Tuesday, 4 August 2009

The Cross and Hell

On Sunday morning a friend of mine and of the church came and spoke.  He came and spoke about the Cross of Christ.  I know he sometimes reads my blog so please feel free to answer some of the questions that have sprung up in my mind as a result of what you said on Sunday!

Two main points that came up that I want to discuss:

1. 'We are more wicked than we could possibly imagine but more loved than we could have ever dreamed'.  
Now the more loved bit I can cope with, but the more wicked bit I'm struggling with.
I believe we are all sinners and that we have all fallen short of the glory of God.  I believe that the gravity of sin is seen at the Cross of Jesus.  I believe that Jesus died for the sins of the world. But does these lead us to conclude that we are more wicked than we could possible imagine?  Or that the consequences of sin are more terrible than we could imagine?
I believe we are all capable of great wickedness and that sin can lay at our door ready to consume us, but are we defined by our wickedness or by our goodness?  Put another way, does God see us as wicked or as good?  Are we wicked with a dose of goodness or are we created good and distorted by sin?  Are we not created in God's image and therefore seen as 'good' by God but because of sin we are capable of great wickedness?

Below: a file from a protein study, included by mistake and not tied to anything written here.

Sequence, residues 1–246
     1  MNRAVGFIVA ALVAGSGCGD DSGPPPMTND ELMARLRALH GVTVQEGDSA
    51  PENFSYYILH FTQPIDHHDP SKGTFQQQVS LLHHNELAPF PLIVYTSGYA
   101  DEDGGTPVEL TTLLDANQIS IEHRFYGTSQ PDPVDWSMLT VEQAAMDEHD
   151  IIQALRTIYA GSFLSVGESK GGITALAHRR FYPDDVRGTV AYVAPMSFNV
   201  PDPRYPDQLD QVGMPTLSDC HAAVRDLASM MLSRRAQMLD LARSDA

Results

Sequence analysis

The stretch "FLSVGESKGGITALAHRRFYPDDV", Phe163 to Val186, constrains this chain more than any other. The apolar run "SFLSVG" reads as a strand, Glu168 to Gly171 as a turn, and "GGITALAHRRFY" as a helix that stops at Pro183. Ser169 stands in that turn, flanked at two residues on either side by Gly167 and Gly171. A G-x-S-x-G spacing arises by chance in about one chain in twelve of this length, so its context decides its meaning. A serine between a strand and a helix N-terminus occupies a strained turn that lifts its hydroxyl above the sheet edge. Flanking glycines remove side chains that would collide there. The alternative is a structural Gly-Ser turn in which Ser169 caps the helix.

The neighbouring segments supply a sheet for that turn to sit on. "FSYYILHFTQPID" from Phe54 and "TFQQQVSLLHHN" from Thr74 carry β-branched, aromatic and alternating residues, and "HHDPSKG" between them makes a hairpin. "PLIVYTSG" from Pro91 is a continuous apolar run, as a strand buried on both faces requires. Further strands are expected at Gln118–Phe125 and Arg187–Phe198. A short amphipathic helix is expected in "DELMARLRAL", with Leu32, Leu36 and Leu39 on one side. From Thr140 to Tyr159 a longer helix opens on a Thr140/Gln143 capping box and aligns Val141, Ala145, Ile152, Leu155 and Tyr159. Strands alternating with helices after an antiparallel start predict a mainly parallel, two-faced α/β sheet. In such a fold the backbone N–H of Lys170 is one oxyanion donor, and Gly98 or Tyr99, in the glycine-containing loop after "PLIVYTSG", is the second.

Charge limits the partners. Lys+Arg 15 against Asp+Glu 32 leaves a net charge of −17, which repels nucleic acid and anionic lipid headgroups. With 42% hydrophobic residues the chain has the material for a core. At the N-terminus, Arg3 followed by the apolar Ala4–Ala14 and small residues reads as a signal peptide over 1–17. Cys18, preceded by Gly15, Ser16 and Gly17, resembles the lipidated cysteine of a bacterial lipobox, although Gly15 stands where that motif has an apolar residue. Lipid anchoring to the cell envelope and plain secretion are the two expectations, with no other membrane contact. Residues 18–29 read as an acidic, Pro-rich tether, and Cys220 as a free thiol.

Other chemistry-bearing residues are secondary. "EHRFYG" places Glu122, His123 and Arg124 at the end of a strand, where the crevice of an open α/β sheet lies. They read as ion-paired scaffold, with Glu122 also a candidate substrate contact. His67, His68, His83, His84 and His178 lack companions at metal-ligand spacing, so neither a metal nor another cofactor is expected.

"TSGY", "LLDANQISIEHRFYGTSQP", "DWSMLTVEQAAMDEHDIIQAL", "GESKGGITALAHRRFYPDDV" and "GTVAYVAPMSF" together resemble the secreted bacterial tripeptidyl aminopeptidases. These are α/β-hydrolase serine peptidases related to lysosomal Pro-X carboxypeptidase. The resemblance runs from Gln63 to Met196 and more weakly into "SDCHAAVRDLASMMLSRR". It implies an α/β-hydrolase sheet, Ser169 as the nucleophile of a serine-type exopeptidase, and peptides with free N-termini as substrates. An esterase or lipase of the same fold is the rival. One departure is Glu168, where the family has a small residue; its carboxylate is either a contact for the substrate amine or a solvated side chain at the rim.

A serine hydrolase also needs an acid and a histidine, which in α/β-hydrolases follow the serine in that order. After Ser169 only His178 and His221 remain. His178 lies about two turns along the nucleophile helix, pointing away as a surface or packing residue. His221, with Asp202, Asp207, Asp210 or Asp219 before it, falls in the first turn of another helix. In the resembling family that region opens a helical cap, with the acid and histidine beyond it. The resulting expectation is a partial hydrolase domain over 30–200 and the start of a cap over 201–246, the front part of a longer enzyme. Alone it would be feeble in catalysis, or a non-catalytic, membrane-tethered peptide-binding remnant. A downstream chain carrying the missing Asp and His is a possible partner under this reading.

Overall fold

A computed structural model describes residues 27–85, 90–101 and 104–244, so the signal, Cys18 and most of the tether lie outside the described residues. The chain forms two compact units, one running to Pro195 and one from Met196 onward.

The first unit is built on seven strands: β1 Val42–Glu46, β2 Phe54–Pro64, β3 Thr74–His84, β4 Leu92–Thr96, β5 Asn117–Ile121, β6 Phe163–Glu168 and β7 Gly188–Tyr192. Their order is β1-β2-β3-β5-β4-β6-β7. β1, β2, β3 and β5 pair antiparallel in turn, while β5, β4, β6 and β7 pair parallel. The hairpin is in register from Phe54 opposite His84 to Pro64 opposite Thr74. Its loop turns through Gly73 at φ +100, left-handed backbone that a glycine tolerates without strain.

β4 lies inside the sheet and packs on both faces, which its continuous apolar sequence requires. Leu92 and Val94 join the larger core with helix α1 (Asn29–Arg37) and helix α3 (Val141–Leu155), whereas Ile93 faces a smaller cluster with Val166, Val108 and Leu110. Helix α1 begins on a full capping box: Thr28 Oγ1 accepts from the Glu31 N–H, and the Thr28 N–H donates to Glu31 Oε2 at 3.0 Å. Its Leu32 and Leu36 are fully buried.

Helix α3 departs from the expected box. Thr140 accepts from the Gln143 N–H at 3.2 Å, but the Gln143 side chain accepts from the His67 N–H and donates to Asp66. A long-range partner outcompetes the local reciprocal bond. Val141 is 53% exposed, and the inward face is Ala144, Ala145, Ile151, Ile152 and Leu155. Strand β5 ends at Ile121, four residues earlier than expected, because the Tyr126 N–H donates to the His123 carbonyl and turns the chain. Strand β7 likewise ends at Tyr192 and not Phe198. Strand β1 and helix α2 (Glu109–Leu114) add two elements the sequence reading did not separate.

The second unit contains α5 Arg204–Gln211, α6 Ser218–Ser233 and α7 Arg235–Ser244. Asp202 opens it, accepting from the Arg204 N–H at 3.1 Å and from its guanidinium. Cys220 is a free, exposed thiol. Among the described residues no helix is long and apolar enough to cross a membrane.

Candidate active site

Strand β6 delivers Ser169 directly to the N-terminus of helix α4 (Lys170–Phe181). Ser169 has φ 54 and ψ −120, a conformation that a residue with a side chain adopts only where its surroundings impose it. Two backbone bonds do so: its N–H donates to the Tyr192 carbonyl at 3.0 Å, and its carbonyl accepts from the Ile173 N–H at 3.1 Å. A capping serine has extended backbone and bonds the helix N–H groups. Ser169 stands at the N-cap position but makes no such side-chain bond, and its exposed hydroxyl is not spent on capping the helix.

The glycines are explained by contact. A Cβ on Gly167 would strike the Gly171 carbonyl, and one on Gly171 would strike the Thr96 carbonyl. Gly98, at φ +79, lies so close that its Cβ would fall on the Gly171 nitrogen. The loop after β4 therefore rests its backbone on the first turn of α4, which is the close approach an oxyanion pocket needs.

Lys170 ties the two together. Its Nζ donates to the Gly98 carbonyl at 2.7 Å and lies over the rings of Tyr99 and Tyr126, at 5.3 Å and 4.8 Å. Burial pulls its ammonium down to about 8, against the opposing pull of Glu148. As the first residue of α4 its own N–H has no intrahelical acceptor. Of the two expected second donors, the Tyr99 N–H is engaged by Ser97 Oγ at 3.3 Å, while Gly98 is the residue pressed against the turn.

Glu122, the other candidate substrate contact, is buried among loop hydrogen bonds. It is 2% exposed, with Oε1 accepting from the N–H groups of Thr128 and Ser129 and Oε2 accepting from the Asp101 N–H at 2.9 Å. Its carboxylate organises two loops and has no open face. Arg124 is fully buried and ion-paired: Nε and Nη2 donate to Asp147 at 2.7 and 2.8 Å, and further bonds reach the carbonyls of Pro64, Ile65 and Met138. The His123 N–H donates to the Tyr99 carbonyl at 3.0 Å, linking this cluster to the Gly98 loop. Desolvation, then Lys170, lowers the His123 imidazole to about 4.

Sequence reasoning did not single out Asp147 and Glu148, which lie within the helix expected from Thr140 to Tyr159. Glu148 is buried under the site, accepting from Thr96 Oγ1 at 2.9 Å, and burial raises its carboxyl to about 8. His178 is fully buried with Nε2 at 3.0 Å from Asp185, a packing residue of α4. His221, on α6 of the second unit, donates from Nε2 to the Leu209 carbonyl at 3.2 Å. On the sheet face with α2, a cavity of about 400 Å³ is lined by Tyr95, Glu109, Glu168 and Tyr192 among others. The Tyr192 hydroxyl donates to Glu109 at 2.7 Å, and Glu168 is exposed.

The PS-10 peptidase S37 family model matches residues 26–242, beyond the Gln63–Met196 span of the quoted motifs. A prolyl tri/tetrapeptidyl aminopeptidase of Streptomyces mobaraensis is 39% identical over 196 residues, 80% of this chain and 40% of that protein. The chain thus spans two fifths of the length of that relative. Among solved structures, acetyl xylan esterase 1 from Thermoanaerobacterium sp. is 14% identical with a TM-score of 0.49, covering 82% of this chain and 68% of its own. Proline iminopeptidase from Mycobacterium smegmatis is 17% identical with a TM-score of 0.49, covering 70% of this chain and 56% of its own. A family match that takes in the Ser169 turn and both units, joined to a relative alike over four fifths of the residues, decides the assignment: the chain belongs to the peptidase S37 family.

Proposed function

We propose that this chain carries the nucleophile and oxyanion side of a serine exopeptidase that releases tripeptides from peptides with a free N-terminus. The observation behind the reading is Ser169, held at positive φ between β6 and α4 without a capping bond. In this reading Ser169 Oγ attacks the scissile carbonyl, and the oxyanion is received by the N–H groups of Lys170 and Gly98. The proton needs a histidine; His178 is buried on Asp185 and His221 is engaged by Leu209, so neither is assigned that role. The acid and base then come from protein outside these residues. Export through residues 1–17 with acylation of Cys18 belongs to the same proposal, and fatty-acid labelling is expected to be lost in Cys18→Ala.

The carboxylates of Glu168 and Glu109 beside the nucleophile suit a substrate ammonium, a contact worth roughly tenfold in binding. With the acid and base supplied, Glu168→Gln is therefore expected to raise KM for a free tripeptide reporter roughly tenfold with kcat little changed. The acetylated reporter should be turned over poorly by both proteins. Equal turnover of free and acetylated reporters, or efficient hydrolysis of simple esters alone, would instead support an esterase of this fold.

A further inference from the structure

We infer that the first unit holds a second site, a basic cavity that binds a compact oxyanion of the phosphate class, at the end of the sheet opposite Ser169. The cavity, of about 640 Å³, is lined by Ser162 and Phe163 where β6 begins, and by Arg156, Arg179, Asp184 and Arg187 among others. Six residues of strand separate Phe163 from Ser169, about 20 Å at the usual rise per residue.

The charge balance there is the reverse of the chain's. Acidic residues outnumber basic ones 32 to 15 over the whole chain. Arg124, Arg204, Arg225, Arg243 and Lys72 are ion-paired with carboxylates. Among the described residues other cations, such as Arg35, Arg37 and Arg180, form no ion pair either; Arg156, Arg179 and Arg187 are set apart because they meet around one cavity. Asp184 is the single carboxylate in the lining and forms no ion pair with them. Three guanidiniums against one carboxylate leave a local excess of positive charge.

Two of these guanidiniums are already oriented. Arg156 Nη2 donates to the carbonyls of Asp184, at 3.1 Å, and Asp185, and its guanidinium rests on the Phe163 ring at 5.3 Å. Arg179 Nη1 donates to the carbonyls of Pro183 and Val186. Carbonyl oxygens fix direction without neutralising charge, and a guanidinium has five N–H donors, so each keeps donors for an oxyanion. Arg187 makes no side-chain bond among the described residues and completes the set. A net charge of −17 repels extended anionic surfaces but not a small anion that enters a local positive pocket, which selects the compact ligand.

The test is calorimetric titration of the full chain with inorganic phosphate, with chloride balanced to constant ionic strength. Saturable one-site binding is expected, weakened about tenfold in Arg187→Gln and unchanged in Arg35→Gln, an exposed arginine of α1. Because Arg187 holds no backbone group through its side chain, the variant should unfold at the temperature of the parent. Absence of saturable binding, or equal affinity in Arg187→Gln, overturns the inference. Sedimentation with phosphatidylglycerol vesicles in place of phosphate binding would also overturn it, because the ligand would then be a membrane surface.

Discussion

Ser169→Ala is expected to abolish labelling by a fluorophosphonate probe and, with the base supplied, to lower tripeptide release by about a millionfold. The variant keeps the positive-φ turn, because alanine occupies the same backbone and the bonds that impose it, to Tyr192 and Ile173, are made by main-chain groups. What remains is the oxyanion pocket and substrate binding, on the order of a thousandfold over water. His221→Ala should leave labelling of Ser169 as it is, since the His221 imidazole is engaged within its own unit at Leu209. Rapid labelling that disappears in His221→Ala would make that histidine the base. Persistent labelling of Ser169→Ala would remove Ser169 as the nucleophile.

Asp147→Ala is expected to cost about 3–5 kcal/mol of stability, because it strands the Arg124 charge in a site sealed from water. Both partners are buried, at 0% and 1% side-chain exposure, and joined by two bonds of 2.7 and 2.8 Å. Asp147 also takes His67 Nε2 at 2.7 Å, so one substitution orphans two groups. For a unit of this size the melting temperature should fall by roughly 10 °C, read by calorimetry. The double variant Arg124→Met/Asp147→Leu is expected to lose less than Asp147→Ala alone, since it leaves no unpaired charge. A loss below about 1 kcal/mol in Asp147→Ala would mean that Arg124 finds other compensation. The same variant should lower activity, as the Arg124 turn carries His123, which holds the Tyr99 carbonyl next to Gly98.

I suppose I'm asking the question, where is our starting point when we are seeking a theology of humanity?

2.  'Better than you deserve'.  Another point was that whatever we are going through in our lives it is better than we deserve.  In other words, because we deserve hell but have been saved by God, anything that we go through in this life is better than what we deserve.
I just wonder how that would sound to those who experience hell on earth.  How does that sound to the mother who has lost her baby to disease or to the husband who's wife has been killed in a car crash or to those caught up in wars and disasters.   

I want to ask the only 2 theological questions that we need 'What kind of God?' and 'So what?'.  

What kind of God is being believed in here and what are the implications for believing in this God?  To me it sounds like a schizophrenic God who says 'I love you/I want to punish you/stop moaning about your suffering, it's better than hell.'  This then leads me onto a theology of hell and what it is because this again begs the question of 'what kind of God?'